Magenta was originally patented in 1859 by a French chemist and called “fuchsine,” after the fuchsia flower, but soon thereafter was changed to honor a French military victory over the Austrians near the northern Italian town of Magenta. And solferino is a bright crimson purplish red or purplish pink (sources disagree) named around the same time as magenta after a village in northern Italy, again because of a battle that took place in the region.

Solferino also appears to be a coloring that can be added to liquor, at least it was in 1866 when it was used as a tincture that was mentioned alongside caramel and turmeric in the book The Independent Liquorist. The author described solferino as “The handsomest, as well as the most powerful color known to the trade.”

Source: quickanddirtytips.com

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55 American English Words Derived from Algonquian Languages

American English has been enriched by the widespread adoption of words based on vocabulary of Native American tribes, including the many tribes that spoke (and, in some cases, still speak) one of the Algonquian languages of what is now eastern North America. The following is a list of such terms, more or less commonly used, most of which refer to animals or plants or products derived from them.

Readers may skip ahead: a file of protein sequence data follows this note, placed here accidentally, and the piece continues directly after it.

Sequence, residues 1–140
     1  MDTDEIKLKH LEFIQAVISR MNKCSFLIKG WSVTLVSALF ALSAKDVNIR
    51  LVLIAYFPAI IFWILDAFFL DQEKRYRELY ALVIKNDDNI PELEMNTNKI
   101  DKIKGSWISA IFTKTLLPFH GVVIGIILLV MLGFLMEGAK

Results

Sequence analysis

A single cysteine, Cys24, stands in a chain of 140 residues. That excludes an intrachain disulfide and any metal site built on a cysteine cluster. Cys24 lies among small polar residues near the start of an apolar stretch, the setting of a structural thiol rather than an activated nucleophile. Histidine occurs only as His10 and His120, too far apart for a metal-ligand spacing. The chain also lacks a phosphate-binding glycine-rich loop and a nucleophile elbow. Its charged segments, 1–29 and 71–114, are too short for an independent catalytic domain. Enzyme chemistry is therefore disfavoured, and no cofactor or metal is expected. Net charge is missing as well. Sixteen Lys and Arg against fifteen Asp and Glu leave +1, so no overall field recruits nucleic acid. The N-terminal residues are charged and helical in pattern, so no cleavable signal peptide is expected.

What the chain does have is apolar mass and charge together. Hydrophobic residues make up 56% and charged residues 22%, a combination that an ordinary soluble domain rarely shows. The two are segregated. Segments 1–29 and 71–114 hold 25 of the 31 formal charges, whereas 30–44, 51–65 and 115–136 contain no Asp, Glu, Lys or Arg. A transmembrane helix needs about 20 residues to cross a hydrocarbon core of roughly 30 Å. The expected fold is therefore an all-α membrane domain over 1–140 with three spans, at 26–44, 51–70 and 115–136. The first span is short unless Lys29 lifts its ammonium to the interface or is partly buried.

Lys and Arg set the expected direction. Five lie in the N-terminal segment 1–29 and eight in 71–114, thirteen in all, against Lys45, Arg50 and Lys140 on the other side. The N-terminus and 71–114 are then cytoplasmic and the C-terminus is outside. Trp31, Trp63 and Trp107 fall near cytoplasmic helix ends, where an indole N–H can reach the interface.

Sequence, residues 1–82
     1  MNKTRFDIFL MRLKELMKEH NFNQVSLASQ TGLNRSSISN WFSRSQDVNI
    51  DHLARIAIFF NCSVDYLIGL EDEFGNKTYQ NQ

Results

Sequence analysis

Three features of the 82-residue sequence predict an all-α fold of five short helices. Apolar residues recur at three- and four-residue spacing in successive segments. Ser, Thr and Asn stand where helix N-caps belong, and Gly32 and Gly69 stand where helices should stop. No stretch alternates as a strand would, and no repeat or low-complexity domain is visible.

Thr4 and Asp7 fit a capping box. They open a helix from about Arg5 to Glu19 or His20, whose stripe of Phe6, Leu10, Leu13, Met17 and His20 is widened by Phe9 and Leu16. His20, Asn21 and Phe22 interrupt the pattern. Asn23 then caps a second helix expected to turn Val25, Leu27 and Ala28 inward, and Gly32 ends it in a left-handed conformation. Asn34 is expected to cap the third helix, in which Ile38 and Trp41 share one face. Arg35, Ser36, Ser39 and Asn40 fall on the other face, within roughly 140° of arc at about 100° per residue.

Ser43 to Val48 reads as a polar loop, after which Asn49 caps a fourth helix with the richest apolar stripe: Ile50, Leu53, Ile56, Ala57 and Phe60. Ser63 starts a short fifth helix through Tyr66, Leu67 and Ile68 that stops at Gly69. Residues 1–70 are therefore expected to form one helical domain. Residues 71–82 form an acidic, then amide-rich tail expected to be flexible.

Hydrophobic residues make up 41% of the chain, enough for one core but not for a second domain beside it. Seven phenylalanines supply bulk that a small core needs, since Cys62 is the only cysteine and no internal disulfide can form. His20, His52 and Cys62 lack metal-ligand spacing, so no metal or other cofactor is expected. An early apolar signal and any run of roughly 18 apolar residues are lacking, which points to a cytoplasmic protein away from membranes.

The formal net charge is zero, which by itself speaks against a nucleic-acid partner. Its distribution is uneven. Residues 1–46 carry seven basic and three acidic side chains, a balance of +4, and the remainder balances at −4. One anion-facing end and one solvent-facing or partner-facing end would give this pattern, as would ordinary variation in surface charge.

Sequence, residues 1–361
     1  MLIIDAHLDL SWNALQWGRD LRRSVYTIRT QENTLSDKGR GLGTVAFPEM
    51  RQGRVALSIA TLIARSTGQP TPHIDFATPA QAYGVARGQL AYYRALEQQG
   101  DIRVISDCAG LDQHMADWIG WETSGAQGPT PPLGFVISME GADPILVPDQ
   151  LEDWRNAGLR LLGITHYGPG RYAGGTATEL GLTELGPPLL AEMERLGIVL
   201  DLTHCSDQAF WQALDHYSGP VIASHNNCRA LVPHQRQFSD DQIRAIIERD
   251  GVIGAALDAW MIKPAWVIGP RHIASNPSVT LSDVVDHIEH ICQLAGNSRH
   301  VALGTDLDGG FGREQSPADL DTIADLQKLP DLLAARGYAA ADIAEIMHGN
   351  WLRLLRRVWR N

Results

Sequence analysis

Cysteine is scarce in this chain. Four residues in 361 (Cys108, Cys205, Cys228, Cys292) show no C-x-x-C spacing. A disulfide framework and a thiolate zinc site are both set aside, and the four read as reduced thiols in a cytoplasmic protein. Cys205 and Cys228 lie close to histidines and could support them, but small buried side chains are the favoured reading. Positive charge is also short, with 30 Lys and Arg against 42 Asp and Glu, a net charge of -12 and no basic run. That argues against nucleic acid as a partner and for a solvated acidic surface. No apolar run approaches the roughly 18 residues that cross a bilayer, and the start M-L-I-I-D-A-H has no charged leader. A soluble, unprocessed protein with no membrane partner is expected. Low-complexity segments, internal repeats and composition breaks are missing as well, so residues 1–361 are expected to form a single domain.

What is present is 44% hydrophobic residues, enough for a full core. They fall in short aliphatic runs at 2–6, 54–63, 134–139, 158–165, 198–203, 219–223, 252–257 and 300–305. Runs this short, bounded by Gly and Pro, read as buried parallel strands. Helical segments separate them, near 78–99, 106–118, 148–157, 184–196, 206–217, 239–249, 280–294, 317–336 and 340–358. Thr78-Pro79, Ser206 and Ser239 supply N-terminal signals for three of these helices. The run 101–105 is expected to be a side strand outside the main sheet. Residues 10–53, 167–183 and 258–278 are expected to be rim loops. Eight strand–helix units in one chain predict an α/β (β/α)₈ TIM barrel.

apishamore (Algonquian): a buffalo-hide saddle blanket
babiche (Míkmaq): a leather or sinew thong or thread
caribou (Míkmaq): a species of large antlered mammal
caucus (Algonquian): a group of people who meet to discuss an issue or work together toward a goal; also a verb
chipmunk (Odawa): any of various small rodent species that are part of the squirrel family
chinquapin (Powhatan): a dwarf chestnut tree or its nut
cisco (Ojibwe): a whitefish
hackmatack (Algonquian): a type of larch tree, or its wood
hickory (Powhatan): a type of tree or its wood, or a cane or switch made of the wood
hominy (Powhatan): soaked and hulled corn kernels
husky (based on shortening of the Cree word from which Eskimo is derived): a type of dog; the adjective husky is unrelated